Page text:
The Nation's Pulse

Wanted: An Urban Black Middle Class

How do we “bolster and reinforce” young men like Trayvon Martin?

By 7.25.13

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Recently I attended a dialogue on race relations at St. Louis University’s School of Medicine. St. Louis, it should be noted, is a city split roughly fifty-fifty between blacks and whites. One speaker, an African-American criminal justice professor, began his remarks with something of a confession:

I tell young black city kids to stay in school, to go to college. It’s the only way to get out of the ’hood. But that is the wrong message. If we encourage all the educated, successful African Americans to leave the city, who is left?

Though middle-class black flight has been a major urban problem for decades, it has been little noted. Perhaps because it confounds the usual narrative that white flight is about white racism, therefore black flight must be about … what exactly? This occasion was no different. The subject was quickly dropped in favor of a less controversial discussion about the divide separating black north St. Louis from white south St. Louis. Here, too, the speakers managed to swerve uncontrollably around the obvious: that the north-south divide is more economic than racial. Besides, south St. Louis is also divided, between the die-hard middle class whites in southwest city, and the poor whites, poor blacks, Hispanics, and hipsters in the blighted southeast city.

What St. Louis and other rust belt cities lack are African-American professionals, most of whom have fled to the suburbs to escape crime, drugs, and bad schools. They also lack the African-American equivalent of urban pioneers and hipsters, i.e., zealous, educated young men and women who flock to the city for the gritty romance, the likeminded misfits, the charming architecture, or the challenge of rebuilding what has been lost. What Black St. Louis lacks is economic diversity.

When President Obama spoke last week about the killing of Trayvon Martin he spoke of pursuing a “long-term project” of thinking about how to bolster and reinforce African-American boys. “This is something that Michelle and I talk a lot about,” he said. “There are a lot of kids out there that need help, that are getting a lot of negative reinforcement.”

There is no escaping that negative reinforcement. If you are a middle-class black kid from the suburbs, that negative reinforcement comes in a steady stream from the popular culture sewer, from movies and from the music industry. To some extent this negativity is offset by better schools, better neighborhoods, educated and successful parents. But if you are a poor urban black kid that negative reinforcement is ubiquitous and it is not offset. A lone teacher or minister cannot compare with the destructive cultural forces working on you every day.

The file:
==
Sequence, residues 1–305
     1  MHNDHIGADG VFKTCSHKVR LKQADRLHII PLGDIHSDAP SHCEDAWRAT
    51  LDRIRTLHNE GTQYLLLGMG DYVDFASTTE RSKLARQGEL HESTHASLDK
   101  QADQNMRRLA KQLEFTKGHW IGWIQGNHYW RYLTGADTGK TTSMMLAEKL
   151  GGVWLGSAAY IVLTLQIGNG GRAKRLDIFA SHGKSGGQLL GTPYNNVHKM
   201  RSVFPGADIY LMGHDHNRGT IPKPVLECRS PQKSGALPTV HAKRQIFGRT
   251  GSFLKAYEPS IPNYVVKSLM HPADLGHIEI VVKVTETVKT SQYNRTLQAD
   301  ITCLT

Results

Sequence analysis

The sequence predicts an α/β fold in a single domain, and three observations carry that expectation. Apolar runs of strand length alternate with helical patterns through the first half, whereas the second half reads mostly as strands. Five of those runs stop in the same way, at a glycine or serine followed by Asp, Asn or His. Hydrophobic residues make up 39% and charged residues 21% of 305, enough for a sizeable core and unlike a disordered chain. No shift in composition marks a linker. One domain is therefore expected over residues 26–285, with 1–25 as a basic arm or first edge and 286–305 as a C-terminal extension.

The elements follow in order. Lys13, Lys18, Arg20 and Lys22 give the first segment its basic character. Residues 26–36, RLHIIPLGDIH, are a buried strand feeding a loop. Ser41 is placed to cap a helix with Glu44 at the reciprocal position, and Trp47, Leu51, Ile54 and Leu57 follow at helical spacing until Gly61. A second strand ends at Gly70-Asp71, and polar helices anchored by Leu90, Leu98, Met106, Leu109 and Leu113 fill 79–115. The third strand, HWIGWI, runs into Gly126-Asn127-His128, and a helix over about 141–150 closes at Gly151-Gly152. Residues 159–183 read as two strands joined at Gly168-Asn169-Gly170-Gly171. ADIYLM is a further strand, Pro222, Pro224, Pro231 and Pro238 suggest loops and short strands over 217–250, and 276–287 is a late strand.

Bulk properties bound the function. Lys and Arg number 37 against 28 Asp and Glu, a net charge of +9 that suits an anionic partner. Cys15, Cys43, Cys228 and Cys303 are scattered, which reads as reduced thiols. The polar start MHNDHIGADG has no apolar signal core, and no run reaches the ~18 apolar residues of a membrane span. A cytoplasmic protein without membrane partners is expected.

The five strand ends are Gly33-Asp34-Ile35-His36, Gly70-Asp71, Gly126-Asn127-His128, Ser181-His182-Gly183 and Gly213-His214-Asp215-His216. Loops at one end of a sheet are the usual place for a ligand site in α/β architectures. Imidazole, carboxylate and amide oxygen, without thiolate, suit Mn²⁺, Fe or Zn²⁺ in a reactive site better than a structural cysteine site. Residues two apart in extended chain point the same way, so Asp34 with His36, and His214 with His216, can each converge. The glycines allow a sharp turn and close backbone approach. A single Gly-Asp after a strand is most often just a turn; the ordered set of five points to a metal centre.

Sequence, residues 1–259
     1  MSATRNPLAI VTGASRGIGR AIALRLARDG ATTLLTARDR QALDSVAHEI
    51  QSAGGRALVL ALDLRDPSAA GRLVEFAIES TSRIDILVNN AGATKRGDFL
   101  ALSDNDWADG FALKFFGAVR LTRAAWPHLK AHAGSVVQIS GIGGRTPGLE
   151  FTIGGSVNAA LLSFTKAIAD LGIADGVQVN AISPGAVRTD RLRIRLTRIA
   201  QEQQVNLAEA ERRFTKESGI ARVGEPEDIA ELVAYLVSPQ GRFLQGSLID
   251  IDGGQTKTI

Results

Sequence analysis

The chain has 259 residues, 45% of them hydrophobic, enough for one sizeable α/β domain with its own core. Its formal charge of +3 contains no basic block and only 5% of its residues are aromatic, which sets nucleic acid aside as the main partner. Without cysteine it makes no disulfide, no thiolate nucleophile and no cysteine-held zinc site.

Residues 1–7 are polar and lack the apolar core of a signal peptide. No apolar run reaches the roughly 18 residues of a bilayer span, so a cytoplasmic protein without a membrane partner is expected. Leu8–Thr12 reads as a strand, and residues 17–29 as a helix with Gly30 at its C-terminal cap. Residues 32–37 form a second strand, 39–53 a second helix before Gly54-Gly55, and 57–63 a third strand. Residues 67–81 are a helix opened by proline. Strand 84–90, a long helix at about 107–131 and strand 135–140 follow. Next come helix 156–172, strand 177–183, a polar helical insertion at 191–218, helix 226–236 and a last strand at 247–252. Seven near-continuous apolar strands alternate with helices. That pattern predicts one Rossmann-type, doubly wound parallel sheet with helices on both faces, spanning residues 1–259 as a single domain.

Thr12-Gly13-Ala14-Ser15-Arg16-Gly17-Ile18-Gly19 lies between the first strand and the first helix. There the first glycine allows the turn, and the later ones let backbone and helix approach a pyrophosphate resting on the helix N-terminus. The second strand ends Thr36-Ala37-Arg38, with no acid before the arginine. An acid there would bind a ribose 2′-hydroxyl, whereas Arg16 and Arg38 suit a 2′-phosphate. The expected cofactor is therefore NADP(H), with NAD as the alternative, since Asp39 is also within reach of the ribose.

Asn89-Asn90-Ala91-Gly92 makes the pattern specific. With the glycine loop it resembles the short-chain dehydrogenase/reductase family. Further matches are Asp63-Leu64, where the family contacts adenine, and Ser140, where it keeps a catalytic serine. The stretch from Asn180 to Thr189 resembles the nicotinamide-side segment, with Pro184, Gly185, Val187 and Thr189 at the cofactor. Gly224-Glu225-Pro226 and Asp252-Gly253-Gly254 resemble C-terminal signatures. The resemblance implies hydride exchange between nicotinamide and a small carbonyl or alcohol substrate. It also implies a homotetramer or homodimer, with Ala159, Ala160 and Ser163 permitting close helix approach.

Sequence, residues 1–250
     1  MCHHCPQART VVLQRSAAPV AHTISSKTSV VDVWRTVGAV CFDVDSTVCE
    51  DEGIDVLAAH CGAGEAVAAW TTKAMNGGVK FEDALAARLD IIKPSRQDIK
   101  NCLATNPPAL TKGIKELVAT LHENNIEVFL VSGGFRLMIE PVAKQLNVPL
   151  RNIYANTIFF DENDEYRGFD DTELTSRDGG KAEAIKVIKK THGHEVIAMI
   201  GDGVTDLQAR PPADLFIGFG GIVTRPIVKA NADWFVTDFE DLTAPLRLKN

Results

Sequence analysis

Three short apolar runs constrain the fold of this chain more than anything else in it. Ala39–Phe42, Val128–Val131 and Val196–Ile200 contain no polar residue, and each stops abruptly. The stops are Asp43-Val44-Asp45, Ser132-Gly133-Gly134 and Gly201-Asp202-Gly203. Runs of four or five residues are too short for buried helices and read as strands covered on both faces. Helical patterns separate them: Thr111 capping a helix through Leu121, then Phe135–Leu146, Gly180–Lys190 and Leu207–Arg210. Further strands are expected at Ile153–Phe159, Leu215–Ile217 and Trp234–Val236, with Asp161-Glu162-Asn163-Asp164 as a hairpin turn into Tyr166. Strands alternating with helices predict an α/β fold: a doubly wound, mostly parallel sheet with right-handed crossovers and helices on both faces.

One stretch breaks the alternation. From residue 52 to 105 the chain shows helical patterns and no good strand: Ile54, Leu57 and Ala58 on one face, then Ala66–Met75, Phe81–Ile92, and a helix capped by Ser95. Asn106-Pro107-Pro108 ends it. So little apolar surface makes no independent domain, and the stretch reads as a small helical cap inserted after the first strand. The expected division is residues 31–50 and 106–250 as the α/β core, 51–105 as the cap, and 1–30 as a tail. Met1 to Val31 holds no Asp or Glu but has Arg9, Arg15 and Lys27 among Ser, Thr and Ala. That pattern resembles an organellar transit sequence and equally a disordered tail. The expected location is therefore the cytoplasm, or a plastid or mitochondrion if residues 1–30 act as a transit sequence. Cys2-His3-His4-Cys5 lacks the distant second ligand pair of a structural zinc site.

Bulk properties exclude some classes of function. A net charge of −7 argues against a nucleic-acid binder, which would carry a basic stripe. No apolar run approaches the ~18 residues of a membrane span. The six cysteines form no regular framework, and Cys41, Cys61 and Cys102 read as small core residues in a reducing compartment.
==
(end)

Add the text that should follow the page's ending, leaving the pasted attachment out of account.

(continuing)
A FEW YEARS AGO a middle-class black family moved next door to me on a high-crime, inner-city street. In order to keep their two boys away from negative influences our neighbors kept the boys indoors at all times. Their boys were not allowed to play with the neighborhood kids, and they certainly were not allowed into their homes where they could be exposed to drugs, guns, pornography, drunkenness, foul language, abuse, and all the normal trappings of the underclass. As soon as they were able, the middle-class black family moved away. Eventually, a hipster couple bought their home, and the cycle continues.

President Obama was correct in saying “Trayvon Martin could have been me 35 years ago.” Like every race blacks are often stereotyped, sometimes maliciously, sometimes not. The African-American president of a major metropolitan bar association once told me that one day as he was cutting his suburban lawn an older white gentleman, mistaking him for a gardener, asked if he could cut his grass too. He was able to laugh it off. But when this well-to-do lawyer was followed through shops by Korean grocers he was understandably hurt and angry.

The successful lawyer had grown up in the ghetto, joined a gang, was wounded in a shooting, played high school basketball, received an athletic scholarship, and eventually graduated from law school. Somewhere along the way he listened to those teachers and ministers who told him to stay in school, go to college, and get out of the city. Who can blame him?

Yet, I am convinced that the only way to help young men like Trayvon Martin is to counteract the negative reinforcement of the ghetto. That means finding smart, successful blacks to return to the city. I am still waiting for Mr. Obama to say something about that.

Photo: UPI

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About the Author
Christopher Orlet writes from St. Louis.